- Do resources acknowledge as many people and perspectives as possible?
Are employee handbooks, procedures, and policies aware of visible and invisible biases in their presentation, the language used, and expectations? Are the documents and resources easily accessible?
- What assessments and evaluation tools are mostly used and are they equitable?
What are the metrics involved in employee evaluations? Is the assessor cognizant of any biases they may hold when evaluating an employee? What are the mechanisms to mitigate bias in evaluation, or to provide re-evaluation when complaints arise?
Review and reflect on the responses to the cultural competency based questions by considering the following:
- Did the responses challenge your understanding of the organization and how it functions? Why?
- What is the organization doing well? What are they not doing well?
- What areas require change?
- What type of learning will you and your organization engage in to implement these changes and initiatives?
Organizations who have unpacked their workplace culture by reflecting on past and current inequities and who lean into the discomfort can begin to develop initiatives that focus on recruitment and retention strategies, policies, procedures, and expectations to create a progressive work culture. It is the responsibility of leaders to communicate their commitment in making EDI a part of every facet of their organization by sharing the results of their discussions, their vision, next steps and learning opportunities for employees. EDI initiatives are not quick and easy solutions to reduce the impact of discrimination and employee flight, they take time, and require ongoing conversations that provide the tools for employees to navigate the workplace.
Taking the time to reflect on the people they employ, the organizational culture that includes the policies and procedures implemented, and investing in strategic needs-based training is essential. Embedding time and flexibility to have ongoing, meaningful conversations with follow-up so that changes can be made to move forward must be a priority. Continuing to review, reflect and strategize allows for integration of strong EDI-based initiatives that are flexible and supportive of current and future employees is the new way of doing business.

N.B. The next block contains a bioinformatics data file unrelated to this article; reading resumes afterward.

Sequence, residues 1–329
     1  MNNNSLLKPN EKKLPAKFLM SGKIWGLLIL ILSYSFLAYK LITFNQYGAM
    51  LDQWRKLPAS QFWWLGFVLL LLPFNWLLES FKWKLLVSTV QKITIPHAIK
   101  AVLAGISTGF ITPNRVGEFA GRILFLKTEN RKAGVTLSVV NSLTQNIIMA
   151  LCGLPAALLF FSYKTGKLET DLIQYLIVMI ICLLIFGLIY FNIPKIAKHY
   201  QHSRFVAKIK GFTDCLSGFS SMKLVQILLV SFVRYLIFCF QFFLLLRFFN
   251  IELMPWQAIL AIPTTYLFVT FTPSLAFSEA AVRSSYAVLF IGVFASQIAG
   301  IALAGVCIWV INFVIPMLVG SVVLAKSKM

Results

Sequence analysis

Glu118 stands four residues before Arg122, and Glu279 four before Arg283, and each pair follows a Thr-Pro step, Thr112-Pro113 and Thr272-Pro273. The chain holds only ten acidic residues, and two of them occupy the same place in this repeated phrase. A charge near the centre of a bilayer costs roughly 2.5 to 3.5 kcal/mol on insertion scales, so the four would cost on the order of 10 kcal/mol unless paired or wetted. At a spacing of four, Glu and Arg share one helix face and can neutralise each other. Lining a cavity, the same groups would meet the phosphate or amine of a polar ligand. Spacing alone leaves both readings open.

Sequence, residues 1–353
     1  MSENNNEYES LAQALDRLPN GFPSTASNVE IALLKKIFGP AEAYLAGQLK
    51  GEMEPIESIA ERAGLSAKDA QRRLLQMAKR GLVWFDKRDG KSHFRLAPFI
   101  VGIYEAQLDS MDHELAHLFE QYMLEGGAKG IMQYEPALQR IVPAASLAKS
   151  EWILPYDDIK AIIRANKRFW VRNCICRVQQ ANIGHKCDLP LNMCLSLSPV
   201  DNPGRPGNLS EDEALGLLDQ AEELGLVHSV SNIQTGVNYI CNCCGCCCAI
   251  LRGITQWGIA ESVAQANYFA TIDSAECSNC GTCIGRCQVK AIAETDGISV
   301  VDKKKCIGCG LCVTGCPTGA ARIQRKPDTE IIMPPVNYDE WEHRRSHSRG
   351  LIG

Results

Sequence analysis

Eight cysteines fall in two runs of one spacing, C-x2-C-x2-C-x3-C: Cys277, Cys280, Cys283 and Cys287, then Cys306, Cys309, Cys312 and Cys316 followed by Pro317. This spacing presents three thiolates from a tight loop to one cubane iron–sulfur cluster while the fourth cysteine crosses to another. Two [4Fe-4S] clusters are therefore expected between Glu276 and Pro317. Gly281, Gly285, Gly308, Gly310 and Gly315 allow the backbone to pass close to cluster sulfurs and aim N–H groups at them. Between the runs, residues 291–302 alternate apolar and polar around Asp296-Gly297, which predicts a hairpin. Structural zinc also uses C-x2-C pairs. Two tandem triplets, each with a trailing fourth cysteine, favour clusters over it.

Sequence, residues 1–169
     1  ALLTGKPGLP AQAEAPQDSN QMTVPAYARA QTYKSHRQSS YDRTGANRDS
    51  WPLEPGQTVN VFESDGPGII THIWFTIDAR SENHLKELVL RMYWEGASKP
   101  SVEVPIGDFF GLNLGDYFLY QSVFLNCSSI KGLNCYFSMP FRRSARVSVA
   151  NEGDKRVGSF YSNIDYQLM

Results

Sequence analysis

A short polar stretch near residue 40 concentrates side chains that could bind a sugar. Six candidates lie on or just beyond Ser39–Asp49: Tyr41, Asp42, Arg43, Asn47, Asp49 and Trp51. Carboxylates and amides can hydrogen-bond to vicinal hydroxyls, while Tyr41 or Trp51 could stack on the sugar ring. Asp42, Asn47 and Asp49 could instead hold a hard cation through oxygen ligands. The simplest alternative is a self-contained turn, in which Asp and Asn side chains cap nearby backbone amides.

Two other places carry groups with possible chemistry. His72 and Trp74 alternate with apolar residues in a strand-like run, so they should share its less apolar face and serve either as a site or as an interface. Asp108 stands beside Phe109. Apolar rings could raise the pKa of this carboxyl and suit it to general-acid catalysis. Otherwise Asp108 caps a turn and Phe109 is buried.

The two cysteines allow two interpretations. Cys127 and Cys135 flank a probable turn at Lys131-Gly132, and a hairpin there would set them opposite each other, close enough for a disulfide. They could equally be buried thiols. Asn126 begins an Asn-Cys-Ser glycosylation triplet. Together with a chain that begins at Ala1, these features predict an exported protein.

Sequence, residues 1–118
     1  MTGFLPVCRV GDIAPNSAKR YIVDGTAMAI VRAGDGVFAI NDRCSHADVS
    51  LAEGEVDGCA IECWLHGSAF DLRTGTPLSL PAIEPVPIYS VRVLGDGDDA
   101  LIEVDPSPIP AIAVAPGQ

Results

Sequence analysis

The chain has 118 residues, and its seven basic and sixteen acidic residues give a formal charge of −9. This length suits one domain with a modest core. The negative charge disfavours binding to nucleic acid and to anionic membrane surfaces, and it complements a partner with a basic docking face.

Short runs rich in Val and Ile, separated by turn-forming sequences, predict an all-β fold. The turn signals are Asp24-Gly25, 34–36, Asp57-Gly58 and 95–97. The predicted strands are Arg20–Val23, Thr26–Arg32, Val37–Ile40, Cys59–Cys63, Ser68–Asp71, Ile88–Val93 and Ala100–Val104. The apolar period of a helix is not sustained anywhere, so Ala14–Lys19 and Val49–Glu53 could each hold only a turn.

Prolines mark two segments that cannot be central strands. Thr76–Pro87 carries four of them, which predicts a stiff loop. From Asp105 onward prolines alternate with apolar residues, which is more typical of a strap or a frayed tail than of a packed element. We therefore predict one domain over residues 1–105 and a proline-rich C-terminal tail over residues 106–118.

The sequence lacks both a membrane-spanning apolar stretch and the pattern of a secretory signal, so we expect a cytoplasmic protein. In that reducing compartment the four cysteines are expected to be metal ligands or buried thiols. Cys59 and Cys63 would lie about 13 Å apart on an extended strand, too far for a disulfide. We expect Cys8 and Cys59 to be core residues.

When implemented with care and empathy, EDI initiatives and training can support previously marginalized and historically excluded employees to feel a greater sense of belonging and inclusion, while also allowing others to step up and help create a positive work environment.
About the Author
Over a 30-year career in the education sector, Kalpana has worked to facilitate the success of students and teachers from all backgrounds. Embedding the principles of an anti-oppressive framework in her career as a Teacher and Elementary Vice Principal with specialization in inclusive education, language development, and mental health and well-being, has provided her with the skills to navigate various situation with compassion and empathy. Kalpana’s roles as an Executive Staff Officer at the Elementary Teachers’ Federation of Ontario (ETFO) in Equity and Women’s Services, and most recently in Professional Learning and Curriculum Services, has helped her develop an expertise in the benefits of EDI and its integration in diverse organizational cultures.
For more than 15 years, Kalpana has led ETFO membership programs both locally and provincially; provided organizational environmental scans on programs, policies and demographics; and facilitated presentations at universities, school boards and not for profit organizations on supporting and promoting diverse leadership roles and inclusive and equitable practices.
She has trekked to more then 16 countries and has volunteered as an educator and mentor in many of them. She currently lives in the Toronto with her family.